Tuesday, December 21, 2010

My New Computer

The computer we've been using for, oh, about five years or so, was due for replacement. It had gotten very slow and aggravating, so my son who does all of our IT set-up got us a new one. This is a machine that he built, with lots of (all the things that make it work faster and better that I can't think of the acronyms for) along with a new keyboard, etc, and installed it. The old machine had the XP operating system; the new one skipped over the discredited Vista and has something called Windows 7. Well, it's different but similar. Different enough so that I have to do many things in slightly other ways than I used to and it's really slowing me down.

The new computer is very fast and that part is very satisfying. The downside, however, is the keyboard (or "keyborad" as I've typed at least 500 times by accident). It's not an expensive one, and I'm thinking that if you're going to get spendy on any one thing, it should be the keyborad. The old one I had was a heavy, expensive one. I got it (second hand) because it was just like the expensive one I used to have at work that I liked. Unfortunately, that one wasn't like an army blanket: I couldn't steal it.

Anyway, the new keyborad (might as well do what comes naturally) is a cheaper, plasticky thing that takes more deliberate pressure on the keys and likes to ignore the space bar a lot.

The real point of aggravation is the spacing between the very top line of keys (the F-numbers row) and the second row, the numbers and more importantly, the back space key. When you have a crappy keyborad, you especially need the back space button a lot. My old keyborad had a lot of space between those two rows, like 3/8 of an inch. This new one has about 1/16 so it's really easy to get into the F-numbers row by accident. I discovered that the F-12 key, right above the back space, is the Death Key. At least on this computer. When you hit the F-12, it goes irrevocably into the computer shut-down mode. So for example, if I am writing one of my posts like this, it all goes away.

I'd like to plug my old keyborad back in right now, but it has the round plug. My new computer only has USB sockets. You can get little adapters to go from one to the other, but we tried the $2 one and it didn't work. There is another one for $10 and I may have to get that one. It would be worth it.

Isn't it amazing how quickly expensive electronics become obsolete? At five years of age, my old computer was considered ripe for being done-for, just on the basis of age alone. Not long ago, I was at the Goodwill Outlet store where they sell all the dreck that doesn't move in their retail stores. The Goodwill Outlet store is not like the Donna Karan outlet store, for sure. Anyway, I found a little Minolta DiMage Xi digital camera in the electronics bins for 49 cents a pound; at 5-1/2 ounces, what's that, about 17 cents? This camera came out way back in 2002 and cost $449 new. It's rated at, if I remember correctly, 3.2 mega pixels. Now you can go to Walmart and get a 8.1 MP for what, $50? The little Minolta DiMage isn't worth anything; you can see that quickly online. However, because nobody wants this obsolete item any longer, the special proprietary batteries that it takes are very inexpensive now as well as wall chargers.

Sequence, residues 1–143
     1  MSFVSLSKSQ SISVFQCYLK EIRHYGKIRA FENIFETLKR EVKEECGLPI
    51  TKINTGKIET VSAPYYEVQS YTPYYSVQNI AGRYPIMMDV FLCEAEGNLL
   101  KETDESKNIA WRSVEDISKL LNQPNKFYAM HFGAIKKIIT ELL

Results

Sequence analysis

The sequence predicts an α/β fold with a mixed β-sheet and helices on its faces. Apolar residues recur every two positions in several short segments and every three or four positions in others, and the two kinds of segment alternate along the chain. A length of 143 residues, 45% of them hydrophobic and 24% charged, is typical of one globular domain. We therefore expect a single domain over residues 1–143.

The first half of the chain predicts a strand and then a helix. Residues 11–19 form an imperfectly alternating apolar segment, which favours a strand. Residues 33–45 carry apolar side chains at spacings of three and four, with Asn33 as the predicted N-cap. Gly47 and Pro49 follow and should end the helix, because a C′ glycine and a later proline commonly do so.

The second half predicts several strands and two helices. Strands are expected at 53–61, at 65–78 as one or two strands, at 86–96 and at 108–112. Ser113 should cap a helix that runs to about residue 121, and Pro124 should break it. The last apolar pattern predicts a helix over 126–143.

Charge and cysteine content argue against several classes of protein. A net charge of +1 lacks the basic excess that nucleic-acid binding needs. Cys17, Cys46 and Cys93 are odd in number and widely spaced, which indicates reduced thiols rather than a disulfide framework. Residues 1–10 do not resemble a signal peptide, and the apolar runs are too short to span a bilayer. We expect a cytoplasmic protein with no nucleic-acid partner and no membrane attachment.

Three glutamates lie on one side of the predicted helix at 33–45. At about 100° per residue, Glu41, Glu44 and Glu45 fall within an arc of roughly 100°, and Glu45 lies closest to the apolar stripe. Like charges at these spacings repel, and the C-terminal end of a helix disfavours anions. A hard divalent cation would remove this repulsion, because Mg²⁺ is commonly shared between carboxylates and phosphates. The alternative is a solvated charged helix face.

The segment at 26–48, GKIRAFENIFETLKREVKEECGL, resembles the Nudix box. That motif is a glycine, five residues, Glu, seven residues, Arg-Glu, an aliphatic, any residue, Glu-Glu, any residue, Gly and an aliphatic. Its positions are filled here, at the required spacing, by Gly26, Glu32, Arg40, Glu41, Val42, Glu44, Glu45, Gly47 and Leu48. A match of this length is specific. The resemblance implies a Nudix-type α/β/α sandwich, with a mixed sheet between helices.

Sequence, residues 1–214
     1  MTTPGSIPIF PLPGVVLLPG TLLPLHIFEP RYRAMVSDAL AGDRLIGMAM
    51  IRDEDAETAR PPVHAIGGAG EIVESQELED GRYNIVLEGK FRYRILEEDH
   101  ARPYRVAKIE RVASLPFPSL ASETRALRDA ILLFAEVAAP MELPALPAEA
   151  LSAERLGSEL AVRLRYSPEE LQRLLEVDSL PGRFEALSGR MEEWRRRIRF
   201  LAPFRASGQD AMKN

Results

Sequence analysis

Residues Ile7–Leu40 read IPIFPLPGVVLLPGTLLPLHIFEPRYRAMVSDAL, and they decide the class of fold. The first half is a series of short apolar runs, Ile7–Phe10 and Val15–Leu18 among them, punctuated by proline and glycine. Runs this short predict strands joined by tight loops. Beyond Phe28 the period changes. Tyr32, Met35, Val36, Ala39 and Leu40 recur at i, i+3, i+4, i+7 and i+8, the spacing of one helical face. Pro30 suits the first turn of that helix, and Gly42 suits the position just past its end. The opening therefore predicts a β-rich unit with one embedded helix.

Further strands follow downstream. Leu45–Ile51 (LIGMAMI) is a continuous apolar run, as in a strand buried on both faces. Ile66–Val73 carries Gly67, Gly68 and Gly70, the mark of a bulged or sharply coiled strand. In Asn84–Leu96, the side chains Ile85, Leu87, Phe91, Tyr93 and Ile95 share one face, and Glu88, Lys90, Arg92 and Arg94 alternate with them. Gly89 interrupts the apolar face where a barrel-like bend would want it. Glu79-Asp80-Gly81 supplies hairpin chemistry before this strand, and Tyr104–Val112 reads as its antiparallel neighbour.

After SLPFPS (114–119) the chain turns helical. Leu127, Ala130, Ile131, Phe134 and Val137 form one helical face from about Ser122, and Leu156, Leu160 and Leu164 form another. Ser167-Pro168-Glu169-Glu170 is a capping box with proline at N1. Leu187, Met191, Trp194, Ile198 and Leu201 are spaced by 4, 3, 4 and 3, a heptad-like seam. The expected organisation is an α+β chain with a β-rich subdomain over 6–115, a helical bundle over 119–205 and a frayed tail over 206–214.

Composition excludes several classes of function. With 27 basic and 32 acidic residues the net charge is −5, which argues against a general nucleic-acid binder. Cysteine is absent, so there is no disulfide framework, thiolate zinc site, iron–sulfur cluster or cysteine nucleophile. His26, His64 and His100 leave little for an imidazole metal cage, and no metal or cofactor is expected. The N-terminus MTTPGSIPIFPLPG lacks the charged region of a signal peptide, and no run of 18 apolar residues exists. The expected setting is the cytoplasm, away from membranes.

Saturday, December 11, 2010

So What's the Deal with Bright Headlights?

Used to be, the DOT had national standards for specifications on car headlights that included brightness. For some years now, there doesn't seem to be any standard in how bright headlights may be and they get brighter and brighter with every passing year.

I can't speak for what's going on in other parts of the country, but young pukes around here like to install extra-bright lamp bulbs in their little Japanese cars and blind everyone else. Like with the blue lights, for example. I'm not sure why they do this; a form of aggression I guess, like they have brighter lights that you do, hahaha. Having the brightest light is like having the fastest car; it's a form of oneupsmanship. Or they get a feeling of power from being able to blind other motorists.

There's no getting around it, but for some people their eyes become more sensitive to light as they age. However; I've never liked having bright lights pointed in my eyes at any age.

Remember the days when the police would pull you over for headlight offenses? These days, there aren't enough of them around to waste time on such trivial matters. Also, as bright as headlights have gotten on newer cars, how would they even tell if someone was driving around with their high beams on?

Then there's the deal with fog lights. Lots of people who live in the city and the 'burbs feel compelled to drive around with fog lights on in addition to headlights, in any weather. Just because. I know extra illumination is nice to be able to see, but it comes at the expense of every other driver that is forced to deal with overly-bright lights.

I guess some of this comes as a consequence of of the lack of civility and manners that keeps creeping insideously into our society. In times past, motorists might've had some consideration for other drivers on the road. Now, it's "I've got mine and screw you, Jack."